In-Person Refugee Hosting Information Session 

When: 28th June, 6 – 8.30pm  

Where: Hurtado Jesuit Centre, 2 Chandler St, London E1W 2QT 

To attend, and for more information, sign-up for free via Eventbrite.

The second of the Diocesan Community of Support sessions, focusing on the hosting of Refugee guests. 

This information session is for anyone who is hosting, would like to host, or explore further ways of providing support to those who are seeking sanctuary. 

The session is facilitated by the JRS, who run the ‘At Home’ hosting scheme. 

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Pastoral Letter for the Eighth Sunday in Ordinary Time 26/27 February 2022

Diocese of Westminster launches new Coat of Arms - Diocese of Westminster

Dear Brothers and Sisters in Jesus Christ,
Today I want to take a moment, first of all, to thank you for your faithfulness and for your
presence here at Mass. These last two years have been very difficult and I thank God for the
gift of faith which you have received, which you have nurtured and from which, I know,
you receive great grace and strength. I know this to be true because it is true for me too.

Now I would like to ask your assistance.

During these last two years there were times when our way of life was severely curtailed.
We were in ‘lockdown’. At one time, for three months, even the doors of our churches were
firmly closed. Being unable to enter the House of God and to take part fully in the
celebration of the Mass was, for many, an experience of real dismay and pain.

But that is no longer the case. We are again able to fashion the way of life that we choose.
The doors of our churches can stay wide open. Yet, as you know, many have not resumed
the pattern of coming to church, week by week. Other activities have filled that space. For
some, the thirst for being at Mass, for celebrating life-giving sacraments, has diminished.

This is where I ask for your help. I would like you to be ready to approach those whom you
know, and who are not present here today, with a word of invitation for them to join us. I
know this is not easy. You may well feel it is an intrusive thing to do. Also, taking the step
across the threshold of the church can be daunting for someone who has been away for a
long time. So I ask you to exercise great deference and kindness when approaching them,
perhaps offering to accompany them on this return journey.

I make this request now not simply because fear and restrictions are eased, but because we
are approaching Lent, the traditional and powerful season of our renewal in faith. Beginning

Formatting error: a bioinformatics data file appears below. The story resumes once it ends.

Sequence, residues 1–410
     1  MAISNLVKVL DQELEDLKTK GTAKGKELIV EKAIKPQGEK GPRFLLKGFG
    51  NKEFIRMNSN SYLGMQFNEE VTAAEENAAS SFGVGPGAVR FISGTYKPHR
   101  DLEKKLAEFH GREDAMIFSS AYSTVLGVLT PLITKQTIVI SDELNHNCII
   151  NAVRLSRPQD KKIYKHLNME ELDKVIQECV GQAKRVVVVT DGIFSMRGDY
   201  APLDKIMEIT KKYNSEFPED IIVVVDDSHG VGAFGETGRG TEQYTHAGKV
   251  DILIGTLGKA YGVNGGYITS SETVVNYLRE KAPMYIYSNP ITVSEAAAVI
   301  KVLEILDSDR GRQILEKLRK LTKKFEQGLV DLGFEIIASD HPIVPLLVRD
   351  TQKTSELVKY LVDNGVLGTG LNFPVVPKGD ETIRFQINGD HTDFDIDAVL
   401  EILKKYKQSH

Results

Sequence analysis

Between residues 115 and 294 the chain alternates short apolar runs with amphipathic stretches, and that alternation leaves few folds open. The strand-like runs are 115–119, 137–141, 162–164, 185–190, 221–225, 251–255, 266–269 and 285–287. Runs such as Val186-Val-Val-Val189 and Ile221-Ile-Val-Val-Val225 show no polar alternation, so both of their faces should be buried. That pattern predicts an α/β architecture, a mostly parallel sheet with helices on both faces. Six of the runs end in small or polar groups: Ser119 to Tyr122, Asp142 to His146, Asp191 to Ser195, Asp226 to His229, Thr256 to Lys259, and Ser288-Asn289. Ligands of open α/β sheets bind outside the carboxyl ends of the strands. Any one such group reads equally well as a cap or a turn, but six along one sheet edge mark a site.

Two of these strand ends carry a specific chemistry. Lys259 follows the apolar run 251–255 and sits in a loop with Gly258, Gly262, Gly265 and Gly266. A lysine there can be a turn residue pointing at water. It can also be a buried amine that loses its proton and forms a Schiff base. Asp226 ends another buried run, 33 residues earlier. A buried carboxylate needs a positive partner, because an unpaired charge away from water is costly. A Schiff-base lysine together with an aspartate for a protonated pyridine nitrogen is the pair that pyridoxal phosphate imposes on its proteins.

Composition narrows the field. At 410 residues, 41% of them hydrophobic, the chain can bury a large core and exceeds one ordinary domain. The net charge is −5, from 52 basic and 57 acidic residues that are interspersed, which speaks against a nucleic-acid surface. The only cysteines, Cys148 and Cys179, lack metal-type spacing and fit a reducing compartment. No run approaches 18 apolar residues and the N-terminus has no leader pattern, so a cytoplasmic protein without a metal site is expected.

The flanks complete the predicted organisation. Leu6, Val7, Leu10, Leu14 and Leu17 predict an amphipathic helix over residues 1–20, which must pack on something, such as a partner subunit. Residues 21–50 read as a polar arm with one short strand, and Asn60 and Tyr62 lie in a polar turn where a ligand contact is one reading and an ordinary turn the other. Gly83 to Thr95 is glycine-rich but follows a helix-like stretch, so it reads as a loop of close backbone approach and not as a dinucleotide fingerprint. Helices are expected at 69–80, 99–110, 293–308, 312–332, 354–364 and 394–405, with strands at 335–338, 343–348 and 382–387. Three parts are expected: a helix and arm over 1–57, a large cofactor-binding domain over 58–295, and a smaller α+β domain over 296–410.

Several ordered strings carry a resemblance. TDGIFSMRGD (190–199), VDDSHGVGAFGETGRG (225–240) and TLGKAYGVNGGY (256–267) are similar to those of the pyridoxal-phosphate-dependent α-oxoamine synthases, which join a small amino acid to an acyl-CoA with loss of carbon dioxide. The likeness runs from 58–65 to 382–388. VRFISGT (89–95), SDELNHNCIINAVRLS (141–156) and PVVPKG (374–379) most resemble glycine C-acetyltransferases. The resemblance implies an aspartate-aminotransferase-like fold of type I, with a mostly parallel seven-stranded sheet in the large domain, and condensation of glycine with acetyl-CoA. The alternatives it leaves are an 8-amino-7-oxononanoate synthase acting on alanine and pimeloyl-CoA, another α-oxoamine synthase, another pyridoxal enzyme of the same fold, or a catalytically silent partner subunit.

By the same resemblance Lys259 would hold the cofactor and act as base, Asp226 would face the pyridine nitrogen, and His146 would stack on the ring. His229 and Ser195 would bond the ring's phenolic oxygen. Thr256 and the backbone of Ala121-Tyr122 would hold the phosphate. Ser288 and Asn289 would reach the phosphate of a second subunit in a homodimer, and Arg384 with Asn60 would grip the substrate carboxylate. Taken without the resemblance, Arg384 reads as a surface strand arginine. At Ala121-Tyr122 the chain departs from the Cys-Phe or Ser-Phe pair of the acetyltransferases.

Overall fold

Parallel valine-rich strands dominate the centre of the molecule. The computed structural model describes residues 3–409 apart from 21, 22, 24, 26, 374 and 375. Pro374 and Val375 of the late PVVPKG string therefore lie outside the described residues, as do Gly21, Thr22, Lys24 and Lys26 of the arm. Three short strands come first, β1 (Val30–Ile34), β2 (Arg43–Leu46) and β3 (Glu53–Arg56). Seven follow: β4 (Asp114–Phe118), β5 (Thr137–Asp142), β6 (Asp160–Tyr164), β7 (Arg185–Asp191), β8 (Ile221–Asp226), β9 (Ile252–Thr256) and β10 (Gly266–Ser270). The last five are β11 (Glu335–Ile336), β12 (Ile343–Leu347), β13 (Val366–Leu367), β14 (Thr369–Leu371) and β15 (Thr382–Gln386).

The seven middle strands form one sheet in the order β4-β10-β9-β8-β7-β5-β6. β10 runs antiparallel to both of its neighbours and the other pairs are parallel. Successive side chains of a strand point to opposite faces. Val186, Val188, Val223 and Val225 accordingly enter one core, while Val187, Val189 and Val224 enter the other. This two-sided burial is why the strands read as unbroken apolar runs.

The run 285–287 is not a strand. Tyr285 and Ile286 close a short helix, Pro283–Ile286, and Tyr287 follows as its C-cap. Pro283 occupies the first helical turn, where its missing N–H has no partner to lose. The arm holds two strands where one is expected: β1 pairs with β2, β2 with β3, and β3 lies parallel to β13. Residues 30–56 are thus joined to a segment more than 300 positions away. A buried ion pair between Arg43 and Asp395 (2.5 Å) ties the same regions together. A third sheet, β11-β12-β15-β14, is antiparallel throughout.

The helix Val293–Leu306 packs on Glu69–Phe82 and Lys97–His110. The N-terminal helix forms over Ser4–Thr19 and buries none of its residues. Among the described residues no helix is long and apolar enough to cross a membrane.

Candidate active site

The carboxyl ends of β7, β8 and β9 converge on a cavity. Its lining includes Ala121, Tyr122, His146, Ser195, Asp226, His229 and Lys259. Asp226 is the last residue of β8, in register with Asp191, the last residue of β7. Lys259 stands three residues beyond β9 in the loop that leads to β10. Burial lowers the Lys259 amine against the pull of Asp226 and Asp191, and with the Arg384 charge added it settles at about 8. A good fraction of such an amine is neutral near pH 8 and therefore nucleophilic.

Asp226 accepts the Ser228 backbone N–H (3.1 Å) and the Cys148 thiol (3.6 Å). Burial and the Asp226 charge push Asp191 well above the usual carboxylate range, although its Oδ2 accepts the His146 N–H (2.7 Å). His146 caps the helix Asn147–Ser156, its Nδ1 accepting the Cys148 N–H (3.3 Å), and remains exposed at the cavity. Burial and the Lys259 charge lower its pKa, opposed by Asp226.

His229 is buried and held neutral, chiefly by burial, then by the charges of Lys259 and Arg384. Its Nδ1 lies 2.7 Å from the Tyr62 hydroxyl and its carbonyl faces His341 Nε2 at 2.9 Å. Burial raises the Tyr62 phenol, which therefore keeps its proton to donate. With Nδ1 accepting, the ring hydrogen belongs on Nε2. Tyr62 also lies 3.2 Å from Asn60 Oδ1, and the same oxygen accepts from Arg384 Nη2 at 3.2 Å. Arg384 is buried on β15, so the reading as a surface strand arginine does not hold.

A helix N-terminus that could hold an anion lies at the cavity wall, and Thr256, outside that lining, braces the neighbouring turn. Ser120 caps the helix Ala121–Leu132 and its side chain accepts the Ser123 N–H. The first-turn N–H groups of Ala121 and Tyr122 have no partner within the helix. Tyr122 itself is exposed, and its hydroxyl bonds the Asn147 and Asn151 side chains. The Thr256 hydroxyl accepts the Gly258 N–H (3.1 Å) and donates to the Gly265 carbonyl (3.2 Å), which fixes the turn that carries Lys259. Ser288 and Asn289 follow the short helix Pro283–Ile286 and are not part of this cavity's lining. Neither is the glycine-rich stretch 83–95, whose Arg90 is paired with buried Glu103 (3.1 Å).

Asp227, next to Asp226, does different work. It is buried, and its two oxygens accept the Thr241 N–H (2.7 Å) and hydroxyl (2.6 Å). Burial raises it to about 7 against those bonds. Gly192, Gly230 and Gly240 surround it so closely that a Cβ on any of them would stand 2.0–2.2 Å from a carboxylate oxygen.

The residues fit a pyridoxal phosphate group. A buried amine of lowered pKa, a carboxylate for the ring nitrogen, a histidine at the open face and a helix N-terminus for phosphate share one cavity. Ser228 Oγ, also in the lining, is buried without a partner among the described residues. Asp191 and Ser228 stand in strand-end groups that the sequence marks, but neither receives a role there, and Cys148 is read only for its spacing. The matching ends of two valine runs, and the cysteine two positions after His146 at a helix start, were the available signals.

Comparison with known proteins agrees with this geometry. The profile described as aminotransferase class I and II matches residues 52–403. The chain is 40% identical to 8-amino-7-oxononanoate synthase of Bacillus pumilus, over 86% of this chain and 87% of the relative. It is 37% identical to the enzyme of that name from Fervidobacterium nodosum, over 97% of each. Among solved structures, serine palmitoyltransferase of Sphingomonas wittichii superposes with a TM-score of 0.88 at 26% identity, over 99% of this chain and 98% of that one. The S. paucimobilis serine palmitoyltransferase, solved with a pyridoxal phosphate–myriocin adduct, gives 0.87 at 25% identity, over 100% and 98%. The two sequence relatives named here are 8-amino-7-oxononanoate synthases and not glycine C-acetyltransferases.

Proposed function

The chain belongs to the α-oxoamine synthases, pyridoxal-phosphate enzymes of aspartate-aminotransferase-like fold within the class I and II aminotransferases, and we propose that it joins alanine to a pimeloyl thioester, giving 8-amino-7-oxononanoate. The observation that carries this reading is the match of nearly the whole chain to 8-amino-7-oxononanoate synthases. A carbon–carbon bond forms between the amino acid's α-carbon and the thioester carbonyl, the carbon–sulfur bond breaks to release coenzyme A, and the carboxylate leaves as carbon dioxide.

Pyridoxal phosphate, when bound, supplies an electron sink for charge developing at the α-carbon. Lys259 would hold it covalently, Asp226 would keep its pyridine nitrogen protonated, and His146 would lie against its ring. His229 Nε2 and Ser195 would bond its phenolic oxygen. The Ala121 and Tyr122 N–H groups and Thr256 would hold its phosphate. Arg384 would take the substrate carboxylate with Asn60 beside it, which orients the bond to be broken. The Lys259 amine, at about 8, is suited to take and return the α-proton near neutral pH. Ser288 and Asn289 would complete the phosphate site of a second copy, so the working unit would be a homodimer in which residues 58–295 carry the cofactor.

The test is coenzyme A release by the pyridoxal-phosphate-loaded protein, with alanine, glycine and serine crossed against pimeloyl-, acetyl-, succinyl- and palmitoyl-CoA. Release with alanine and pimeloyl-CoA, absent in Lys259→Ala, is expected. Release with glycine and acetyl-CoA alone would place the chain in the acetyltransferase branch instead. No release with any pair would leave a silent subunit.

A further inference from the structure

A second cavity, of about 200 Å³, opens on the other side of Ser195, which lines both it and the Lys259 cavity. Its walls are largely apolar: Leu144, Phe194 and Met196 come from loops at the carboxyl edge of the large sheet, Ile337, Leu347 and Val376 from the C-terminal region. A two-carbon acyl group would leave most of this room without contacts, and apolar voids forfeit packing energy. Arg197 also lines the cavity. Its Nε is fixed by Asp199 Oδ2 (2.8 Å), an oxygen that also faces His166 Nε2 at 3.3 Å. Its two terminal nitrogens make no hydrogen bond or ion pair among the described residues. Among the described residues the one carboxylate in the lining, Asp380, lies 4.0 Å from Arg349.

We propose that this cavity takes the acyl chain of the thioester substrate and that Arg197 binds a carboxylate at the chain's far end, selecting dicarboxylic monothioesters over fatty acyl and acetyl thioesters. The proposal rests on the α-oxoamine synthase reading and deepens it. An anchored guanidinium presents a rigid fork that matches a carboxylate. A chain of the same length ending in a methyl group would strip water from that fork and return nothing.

on Ash Wednesday, this coming week, we respond to the Lord’s invitation to come forward
and meet him afresh. He invites us to come through the doors of the church to stand before
him and receive his blessing, his mark of mercy.

Lent is the time to reset our patterns so that there is time for God in our hearts and in our
weekly routines. You know well that the highest form of prayer is the celebration of the
Eucharist. It is here, above all other places, that the Lord wishes to fill us with his gifts, so
that we, in turn, can offer those gifts to others. And then, when we give that which we have
received, we bring this precious light of Christ into our world. He is the best antidote to the
darkness of the pandemic, to the loneliness it has brought, to the lack of clear hope for the
future, to the deep weariness and unexpressed resentment that has entered into the souls of
so many.

So, please, do what you can to invite those who are missing to come with you to be part of
this great family of faith at prayer. If each of you can give a word of encouragement to one
other person, to one other family, then the reward will be great. Then we can journey
together to Easter. There we proclaim again that Jesus alone has mastered death, that he
alone is the Lord of life, that he is now among us and calling us to come to meet him here,
in this House of God, in this Gate of Heaven.

I thank you again for your presence here today. I thank you for all that you will do in
response to this request and I ask God’s blessing on the words that you will speak.
Remember the words of St Paul that we have just heard: ‘Keep on working at the Lord’s
work always, knowing that, in the Lord, you cannot be labouring in vain’ (1Cor. 15:58).

Pease continue in your prayer for peace in Ukraine. We cry out: No more war, no more

And remember me in your prayers as I will remember you, the faithful people of God!

Yours devotedly,
+Cardinal Vincent Nichols
Archbishop of Westminster

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Baptism and vocations: Vatican to hold Symposium on theology of priesthood